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Benefit from Deep Backbends with Wildthing Into Wheel Breakdown

Your wild thing into wheel breakdown shows you how to shift from an arm balance into a backend.

Keep reading to learn about the muscles to strengthen and the muscles to lengthen, poses to prepare the body, and modifications for new practitioners and those with wrist/shoulder sensitivity. 

About Your Wildthing into Wheel Breakdown:

The poses we are moving through include side plank, bow pose, half bow, and wheel pose.

All of these poses involve a lot of strength.

This transition is an arm balance and a backbend that features three shapes:

  1. Side plank

  2. Bow pose/half bow pose

  3. Wheel pose 

Each shape involves a lot of strength and refinement in weight distribution. It will look different in everybody as we are all proportioned so differently. 

Side plank, bow pose on your belly, half bow on hands and knees. 
Body Parts Targeted:
Wrists, entire frontline including the chest, spine, hip flexors (psoas), and quadriceps. 

Muscles to strengthen: 
Core, arms, back body. 

Muscles to stretch:
The front body includes the chest and hip flexors, side body, quads, and wrists (wrists). 

Level: Intermediate
Props: 2 blocks
* You can place the two blocks under your feet – watch this tutorial to see how

Blocks under the feet create a platform for the lower back. This variation provides more space for the lower back and a fun way to engage the legs to build strength.

For Seasoned Practitioners:

Place a block under each hand just outside the head at the mat’s top. Place your palms on the blocks with your fingers pointing toward your knees, just off the blocks.

The blocks placed under the hands are great for those with wrist sensitivity or those recovering from injury. 

Take the class featuring this transition: Into the Experience Vinyasa.

From the Wheel into Wildthing Breakdown:

Review the lecture with Clara Roberts-Oss

 Welcome to the breakdown of side plank with half bow into Urdhva Dhanurasana, aka wheel pose.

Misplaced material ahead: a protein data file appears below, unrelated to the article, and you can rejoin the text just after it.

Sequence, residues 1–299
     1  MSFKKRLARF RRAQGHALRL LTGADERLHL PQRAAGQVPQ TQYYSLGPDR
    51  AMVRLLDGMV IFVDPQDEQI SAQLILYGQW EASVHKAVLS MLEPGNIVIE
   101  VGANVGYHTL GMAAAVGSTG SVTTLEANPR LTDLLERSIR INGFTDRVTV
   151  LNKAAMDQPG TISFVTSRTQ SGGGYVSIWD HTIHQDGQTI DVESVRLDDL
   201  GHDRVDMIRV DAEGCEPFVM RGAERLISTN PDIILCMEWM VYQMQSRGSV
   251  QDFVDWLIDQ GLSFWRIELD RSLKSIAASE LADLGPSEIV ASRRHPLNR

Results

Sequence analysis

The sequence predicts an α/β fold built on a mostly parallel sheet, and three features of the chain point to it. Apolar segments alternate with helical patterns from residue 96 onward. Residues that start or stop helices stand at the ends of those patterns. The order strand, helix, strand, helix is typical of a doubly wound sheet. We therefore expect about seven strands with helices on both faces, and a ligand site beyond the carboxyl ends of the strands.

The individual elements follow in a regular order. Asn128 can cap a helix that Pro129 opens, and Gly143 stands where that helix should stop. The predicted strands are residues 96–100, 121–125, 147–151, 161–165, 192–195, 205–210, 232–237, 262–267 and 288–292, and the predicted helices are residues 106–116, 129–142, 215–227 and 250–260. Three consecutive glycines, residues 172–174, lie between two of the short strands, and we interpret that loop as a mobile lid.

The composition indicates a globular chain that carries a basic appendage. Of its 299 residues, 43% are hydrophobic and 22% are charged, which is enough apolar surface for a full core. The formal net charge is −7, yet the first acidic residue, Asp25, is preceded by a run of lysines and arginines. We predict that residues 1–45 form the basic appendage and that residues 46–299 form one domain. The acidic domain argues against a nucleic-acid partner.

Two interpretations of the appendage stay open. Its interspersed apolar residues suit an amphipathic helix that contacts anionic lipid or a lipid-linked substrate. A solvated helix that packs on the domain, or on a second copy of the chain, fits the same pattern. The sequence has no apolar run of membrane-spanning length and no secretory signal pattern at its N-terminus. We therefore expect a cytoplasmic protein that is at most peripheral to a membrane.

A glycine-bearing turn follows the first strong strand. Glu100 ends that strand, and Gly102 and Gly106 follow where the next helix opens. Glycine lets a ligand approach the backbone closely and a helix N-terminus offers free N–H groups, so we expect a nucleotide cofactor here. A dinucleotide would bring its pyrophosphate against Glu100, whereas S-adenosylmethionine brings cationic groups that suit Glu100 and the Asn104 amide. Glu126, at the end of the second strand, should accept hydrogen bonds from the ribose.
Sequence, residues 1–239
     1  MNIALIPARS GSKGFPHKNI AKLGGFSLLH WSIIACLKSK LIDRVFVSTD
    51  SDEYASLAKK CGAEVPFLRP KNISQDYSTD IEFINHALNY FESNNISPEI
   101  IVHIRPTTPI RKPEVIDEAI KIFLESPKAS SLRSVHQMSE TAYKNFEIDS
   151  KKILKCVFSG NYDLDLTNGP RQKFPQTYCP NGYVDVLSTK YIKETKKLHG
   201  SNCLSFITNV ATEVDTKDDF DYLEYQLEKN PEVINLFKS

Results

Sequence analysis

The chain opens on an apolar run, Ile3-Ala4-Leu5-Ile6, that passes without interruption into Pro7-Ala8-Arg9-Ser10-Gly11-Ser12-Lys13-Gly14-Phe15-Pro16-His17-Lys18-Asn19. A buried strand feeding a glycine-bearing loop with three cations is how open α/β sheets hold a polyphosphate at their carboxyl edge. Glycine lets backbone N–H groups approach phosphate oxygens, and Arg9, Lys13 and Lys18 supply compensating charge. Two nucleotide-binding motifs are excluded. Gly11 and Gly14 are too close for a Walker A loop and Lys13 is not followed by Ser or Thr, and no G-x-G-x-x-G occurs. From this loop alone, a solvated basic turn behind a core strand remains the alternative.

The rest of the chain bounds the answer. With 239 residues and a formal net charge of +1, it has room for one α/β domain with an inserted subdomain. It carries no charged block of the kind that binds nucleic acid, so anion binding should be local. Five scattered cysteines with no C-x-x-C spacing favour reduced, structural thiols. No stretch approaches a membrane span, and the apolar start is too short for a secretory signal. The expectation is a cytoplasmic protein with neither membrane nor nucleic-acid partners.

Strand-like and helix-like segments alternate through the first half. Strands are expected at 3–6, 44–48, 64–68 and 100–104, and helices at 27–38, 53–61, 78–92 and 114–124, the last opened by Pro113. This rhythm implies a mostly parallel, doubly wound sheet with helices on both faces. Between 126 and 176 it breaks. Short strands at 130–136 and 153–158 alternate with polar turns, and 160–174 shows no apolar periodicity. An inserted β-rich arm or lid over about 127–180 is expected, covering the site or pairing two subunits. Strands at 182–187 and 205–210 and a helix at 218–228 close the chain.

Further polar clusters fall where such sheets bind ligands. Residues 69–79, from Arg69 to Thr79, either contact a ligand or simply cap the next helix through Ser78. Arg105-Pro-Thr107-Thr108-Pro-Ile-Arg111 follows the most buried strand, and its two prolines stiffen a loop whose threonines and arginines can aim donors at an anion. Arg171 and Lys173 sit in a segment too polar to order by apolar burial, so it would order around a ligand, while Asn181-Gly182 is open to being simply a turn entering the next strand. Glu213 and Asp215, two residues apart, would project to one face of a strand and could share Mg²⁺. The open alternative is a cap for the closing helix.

This is an interesting transition because it’s an arm balance into a backbend, and then the transition out is back into an arm balance.

The first way I’d love to think about it is to break it down into three shapes as we progress toward the wheel pose. 

What are the poses we progress through in this transition? 

The poses we are moving through include side plank, bow pose, half bow, and wheel pose. All of these poses involve a lot of strength.

The biggest thing about arm balances is it’s all about weight distribution and understanding the proportions of your body and how it will work in your own body. 

What do you want to open/stretch to prepare for wild things into the wheel? 

When teaching this, I want to focus on opening up the front body as much as possible, strengthening the arms, and strengthening the back.

In today’s practice, we opened the quadriceps and psoas. Generally, most people are tight in these areas just from sitting.

The psoas are the hip flexor muscles targeted when sitting, driving, etc.

So, right off the bat, after I did the warmup, we went right into a thigh stretch.

If you’re in practice with me, and we start with that, know we’re going towards backbends. Just cause I’m preparing the part that needs the most opening.

And I opened the psoas in different planes. I opened it in a lunge pose. We did a front of the thigh/hip flexor stretch standing up, and then I did it lying down.

So the idea is just playing with the opening in different planes, like lunging, standing, and lying on the belly, allowing different bodies to open up in other ways.

The one lying down is generally the most accessible regarding being on the knee because there isn’t much pressure. The second would be standing up, and the third would be lunge. I went the opposite way because of how the sequence worked, but it was something to consider and bear. 

Another thing to focus on in terms of the opening is to open up the side waist.